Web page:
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Herniated Disc
June 2001

Q. I was told last week, that I have a herniated disc and am being referred to a Orthopedic Surgeon. I understand that surgery does not automatically need to be done and there are other options such as physical therapy and so on. My concern is at the end of the conversation with the doctor, he said that the only time the Orthopedic doctor should recommend surgery at once is if I cannot hold my urine or bowls.

For about the last month or so, I have been having to get up every night at least once an hour to urinate and my bladder feels full, but when I urinate, it is not full, but the urgency is there, and it definitely feels like if I don't get to the bathroom in time, I would lose some control over it. I have tried things like not drinking any water or any thing after a certain time and no matter what I do, it seems like as soon as there is some urine there, I have to go right away. Is this of concern or what the doctor was talking about? Thank you in advance for your response.

A. A herniated disc can press on the nerves leaving the spinal cord going down to the arms, the legs, the bladder, and the rectum. When the disc is pressing on these nerves, the nerves can either begin to hurt (in the legs and arms) or stop functioning (legs, arms, rectum, and bladder). For the arms and legs, this decrease in function is weakness, whereas with the rectum and the bladder decreased function results in soiling or wetting your pants.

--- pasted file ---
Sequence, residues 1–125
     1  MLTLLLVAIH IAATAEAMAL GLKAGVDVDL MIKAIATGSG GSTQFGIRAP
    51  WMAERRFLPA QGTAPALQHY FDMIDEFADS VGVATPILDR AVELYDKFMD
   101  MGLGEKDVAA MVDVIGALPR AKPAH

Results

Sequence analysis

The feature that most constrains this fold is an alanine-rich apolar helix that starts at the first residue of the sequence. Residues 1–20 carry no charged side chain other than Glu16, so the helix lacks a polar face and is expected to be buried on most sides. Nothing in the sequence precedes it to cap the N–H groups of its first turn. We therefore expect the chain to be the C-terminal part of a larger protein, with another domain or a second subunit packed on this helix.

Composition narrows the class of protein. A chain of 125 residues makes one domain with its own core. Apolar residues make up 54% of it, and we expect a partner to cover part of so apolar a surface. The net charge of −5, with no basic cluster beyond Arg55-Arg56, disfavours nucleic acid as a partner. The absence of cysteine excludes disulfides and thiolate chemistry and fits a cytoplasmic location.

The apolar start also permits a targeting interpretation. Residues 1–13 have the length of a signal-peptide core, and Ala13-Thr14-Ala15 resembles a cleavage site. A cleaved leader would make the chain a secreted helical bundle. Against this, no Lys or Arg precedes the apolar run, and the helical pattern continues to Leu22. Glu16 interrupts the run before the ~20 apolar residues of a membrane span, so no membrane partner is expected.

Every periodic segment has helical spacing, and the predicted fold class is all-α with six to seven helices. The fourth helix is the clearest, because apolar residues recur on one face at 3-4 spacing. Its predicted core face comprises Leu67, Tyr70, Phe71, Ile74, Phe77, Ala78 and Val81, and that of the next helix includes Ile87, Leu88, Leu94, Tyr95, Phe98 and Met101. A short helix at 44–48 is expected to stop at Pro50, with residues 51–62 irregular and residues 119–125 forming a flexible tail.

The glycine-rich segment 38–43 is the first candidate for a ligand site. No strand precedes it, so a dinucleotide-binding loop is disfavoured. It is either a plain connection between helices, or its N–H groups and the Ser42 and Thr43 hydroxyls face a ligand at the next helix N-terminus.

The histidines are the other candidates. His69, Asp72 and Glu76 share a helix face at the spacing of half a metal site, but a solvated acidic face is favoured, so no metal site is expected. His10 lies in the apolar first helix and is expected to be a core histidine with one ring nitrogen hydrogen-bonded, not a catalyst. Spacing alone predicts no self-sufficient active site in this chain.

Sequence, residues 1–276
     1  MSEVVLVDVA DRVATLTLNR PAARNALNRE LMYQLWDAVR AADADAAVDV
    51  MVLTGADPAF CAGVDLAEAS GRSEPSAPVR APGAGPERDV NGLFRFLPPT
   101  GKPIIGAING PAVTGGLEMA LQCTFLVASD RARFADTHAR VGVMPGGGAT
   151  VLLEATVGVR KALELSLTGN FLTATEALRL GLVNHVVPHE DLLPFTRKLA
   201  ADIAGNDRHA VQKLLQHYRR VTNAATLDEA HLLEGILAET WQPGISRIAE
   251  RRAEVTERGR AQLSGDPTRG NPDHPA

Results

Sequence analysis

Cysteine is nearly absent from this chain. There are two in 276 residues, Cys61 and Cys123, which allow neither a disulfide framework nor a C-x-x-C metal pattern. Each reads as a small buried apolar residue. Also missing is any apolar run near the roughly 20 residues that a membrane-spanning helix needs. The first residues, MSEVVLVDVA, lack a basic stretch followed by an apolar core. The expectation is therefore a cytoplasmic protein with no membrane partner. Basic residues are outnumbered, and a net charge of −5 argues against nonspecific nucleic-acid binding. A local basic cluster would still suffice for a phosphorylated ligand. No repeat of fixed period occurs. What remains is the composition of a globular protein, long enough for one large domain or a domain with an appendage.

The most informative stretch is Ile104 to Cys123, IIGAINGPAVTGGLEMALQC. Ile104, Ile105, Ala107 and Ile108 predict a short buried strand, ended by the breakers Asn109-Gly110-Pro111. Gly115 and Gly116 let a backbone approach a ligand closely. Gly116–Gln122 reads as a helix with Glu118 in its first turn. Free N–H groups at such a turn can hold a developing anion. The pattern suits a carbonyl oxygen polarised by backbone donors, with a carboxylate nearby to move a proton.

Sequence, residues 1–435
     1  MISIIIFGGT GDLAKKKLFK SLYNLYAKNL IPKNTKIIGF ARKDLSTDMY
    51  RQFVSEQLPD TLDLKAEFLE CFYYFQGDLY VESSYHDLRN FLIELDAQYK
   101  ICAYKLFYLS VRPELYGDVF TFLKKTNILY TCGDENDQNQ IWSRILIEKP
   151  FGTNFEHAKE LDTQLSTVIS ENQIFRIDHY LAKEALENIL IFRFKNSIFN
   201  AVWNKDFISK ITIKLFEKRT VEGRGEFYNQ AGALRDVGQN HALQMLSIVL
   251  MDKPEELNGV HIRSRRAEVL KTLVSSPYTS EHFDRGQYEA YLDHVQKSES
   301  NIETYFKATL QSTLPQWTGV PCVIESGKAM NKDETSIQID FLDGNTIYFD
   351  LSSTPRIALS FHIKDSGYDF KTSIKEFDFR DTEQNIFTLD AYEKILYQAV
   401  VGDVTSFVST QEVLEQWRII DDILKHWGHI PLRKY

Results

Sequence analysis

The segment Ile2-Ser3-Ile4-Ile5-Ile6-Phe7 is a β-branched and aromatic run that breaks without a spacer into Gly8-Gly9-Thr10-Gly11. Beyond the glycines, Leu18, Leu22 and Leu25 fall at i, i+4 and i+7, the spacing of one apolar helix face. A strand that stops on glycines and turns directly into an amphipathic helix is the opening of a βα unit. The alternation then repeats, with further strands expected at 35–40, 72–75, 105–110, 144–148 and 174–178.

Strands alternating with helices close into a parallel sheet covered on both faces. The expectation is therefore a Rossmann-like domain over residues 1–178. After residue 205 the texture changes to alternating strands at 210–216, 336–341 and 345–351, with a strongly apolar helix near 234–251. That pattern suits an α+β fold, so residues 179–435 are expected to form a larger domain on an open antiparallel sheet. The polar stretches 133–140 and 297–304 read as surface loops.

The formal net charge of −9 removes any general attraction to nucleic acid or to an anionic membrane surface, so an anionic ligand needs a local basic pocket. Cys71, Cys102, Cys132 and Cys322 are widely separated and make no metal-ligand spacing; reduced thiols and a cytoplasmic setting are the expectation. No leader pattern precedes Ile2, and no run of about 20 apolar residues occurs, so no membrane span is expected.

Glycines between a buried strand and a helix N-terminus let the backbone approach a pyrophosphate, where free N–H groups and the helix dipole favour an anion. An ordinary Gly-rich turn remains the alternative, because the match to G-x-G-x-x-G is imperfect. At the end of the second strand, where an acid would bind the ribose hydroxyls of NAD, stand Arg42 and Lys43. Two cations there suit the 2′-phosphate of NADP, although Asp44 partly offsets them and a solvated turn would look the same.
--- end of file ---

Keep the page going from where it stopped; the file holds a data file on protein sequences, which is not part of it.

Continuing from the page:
A herniated disc does not usually cause one to get a sense of a full bladder or a sense of urgency. Instead, this is more likely a cause of a urinary tract infection.

I recommend that you bring these symptoms up to the doctor. It may be that your case is in some ways special, or it may mean that you need a urine test to make sure that therešs nothing going on in the urine to cause these symptoms.

A Web site advertising an individual doctoršs practice (I do not necessarily recommend this particular doctor since I do not know him, but there are two nice pictures of the spine and a herniated disc pressing on a nerve on the site) is at:


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